Many other theorists were influenced by Freud's work.
Erik Erikson, developmental psychologist and psychoanalyst, was one such theorist whom was highly influenced by the works of Freud.
By today’s scientific standards, his theories are not considered very accurate but their importance is significant.

Yes, but they are still important!
Freud's Development Theory
Freud's theories archaic?
and his contributions to education

The final stage of psychosexual development focuses on the genitals.

Pleasure is now sought through consensual and adult sexuality focused on
physical stimulation of the genitals
by the opposite sex.

Genital Stage (puberty on)


At this stage, a child's sexual impulses are repressed, instead the child focuses on school, friendships, and other activities.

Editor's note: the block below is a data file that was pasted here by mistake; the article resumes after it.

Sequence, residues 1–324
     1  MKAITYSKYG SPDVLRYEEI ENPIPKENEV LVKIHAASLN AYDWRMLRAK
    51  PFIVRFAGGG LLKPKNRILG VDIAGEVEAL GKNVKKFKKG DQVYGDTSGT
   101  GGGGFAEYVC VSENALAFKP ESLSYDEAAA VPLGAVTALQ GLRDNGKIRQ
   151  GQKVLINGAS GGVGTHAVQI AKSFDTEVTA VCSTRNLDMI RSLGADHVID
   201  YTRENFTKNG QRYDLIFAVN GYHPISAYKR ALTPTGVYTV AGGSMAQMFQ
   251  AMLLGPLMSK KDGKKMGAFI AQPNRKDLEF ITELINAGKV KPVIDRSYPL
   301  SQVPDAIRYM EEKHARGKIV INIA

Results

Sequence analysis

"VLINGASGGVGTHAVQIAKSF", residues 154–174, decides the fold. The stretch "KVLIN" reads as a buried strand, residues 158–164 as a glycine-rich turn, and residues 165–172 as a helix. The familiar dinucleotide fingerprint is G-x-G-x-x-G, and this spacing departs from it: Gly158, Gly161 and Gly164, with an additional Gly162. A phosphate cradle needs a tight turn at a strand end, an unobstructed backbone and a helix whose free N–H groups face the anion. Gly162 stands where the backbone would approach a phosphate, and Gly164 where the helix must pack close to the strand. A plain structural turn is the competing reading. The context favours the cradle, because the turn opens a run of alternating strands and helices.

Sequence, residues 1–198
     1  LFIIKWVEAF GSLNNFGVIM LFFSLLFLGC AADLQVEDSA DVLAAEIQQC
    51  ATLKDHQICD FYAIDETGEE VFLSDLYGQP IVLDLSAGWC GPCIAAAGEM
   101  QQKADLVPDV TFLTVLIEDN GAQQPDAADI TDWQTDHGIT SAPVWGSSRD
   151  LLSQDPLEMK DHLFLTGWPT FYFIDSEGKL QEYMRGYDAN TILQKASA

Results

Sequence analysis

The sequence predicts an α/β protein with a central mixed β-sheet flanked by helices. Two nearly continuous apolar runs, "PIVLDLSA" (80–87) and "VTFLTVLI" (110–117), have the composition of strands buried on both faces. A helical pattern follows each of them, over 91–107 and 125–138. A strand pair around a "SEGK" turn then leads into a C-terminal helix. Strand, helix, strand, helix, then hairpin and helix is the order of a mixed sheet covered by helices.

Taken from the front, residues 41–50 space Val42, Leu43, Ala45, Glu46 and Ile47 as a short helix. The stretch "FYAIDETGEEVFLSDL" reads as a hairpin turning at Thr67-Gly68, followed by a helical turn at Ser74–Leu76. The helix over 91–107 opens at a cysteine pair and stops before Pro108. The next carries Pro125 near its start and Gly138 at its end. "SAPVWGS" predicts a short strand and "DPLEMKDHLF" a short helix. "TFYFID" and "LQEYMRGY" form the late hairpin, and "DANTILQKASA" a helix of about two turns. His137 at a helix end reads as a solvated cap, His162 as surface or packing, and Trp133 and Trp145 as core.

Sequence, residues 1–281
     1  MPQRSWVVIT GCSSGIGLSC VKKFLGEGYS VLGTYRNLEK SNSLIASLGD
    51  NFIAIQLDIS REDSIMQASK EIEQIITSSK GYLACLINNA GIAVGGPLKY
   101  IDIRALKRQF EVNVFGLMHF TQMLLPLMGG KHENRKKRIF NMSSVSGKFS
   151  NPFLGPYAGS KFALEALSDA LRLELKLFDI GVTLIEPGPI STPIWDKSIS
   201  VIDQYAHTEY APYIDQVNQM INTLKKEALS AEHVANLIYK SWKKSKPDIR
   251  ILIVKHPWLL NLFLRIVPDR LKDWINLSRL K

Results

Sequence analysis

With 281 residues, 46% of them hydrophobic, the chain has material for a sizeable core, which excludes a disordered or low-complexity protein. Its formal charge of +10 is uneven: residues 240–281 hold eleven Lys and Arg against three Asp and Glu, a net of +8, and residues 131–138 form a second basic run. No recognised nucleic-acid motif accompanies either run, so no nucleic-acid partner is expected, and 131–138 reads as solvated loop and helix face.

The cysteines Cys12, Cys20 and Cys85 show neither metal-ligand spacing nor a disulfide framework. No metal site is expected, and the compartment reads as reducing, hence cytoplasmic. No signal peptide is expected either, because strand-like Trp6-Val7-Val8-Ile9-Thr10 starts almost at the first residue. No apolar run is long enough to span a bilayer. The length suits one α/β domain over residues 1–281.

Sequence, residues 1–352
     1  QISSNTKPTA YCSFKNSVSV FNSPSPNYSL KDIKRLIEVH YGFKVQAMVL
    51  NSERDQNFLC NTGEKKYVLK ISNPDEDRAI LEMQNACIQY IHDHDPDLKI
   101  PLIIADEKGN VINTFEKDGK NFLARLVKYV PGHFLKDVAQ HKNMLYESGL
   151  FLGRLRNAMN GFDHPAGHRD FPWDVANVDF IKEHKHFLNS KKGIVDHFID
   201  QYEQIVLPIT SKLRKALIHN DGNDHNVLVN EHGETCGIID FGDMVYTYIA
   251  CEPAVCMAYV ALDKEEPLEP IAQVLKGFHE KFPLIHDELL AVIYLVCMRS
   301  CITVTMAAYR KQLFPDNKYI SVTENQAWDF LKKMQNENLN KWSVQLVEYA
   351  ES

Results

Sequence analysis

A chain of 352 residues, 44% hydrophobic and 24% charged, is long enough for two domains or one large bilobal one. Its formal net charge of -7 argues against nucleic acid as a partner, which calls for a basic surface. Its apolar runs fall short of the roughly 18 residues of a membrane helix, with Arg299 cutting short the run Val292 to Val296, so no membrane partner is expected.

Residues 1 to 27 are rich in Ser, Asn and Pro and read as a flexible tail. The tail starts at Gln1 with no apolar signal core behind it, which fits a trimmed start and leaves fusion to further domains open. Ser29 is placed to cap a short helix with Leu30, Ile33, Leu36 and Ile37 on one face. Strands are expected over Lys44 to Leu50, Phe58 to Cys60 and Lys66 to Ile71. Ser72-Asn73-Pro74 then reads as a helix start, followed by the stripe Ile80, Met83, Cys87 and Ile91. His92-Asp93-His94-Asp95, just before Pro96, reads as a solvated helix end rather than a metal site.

Freud was largely uninterested in this stage as it had limited psychosexual development.


Latency Stage (6 years to puberty)

Phallic Stage (3-6 years)

Oral Stage 0-18 months


Pleasure is centered in and around the mouth.

Satisfaction is achieved through oral activities such as feeding, babbling, thumb sucking, or putting objects into mouth.

Freud’s Psychosexual
Stage’s of Development

Freud’s psychosexual development theory proposed that from birth, individuals develop in five stages, each characterized by an erogenous zone that creates sexual energy. Freud hypothesized that an individual who experienced any anxiety during the five stages of development would continue to experience anxiety into adulthood, essentially developing a functional mental disorder.

Anal Stage (18-36 months)


The focus is shifted to the anus.

Satisfaction is achieved through bowel and bladder control and the sensations that come with having or withholding these bodily functions.


Pleasure is now focused around the genital region.

Awareness of differences between males and females is realized as well as individual sexuality.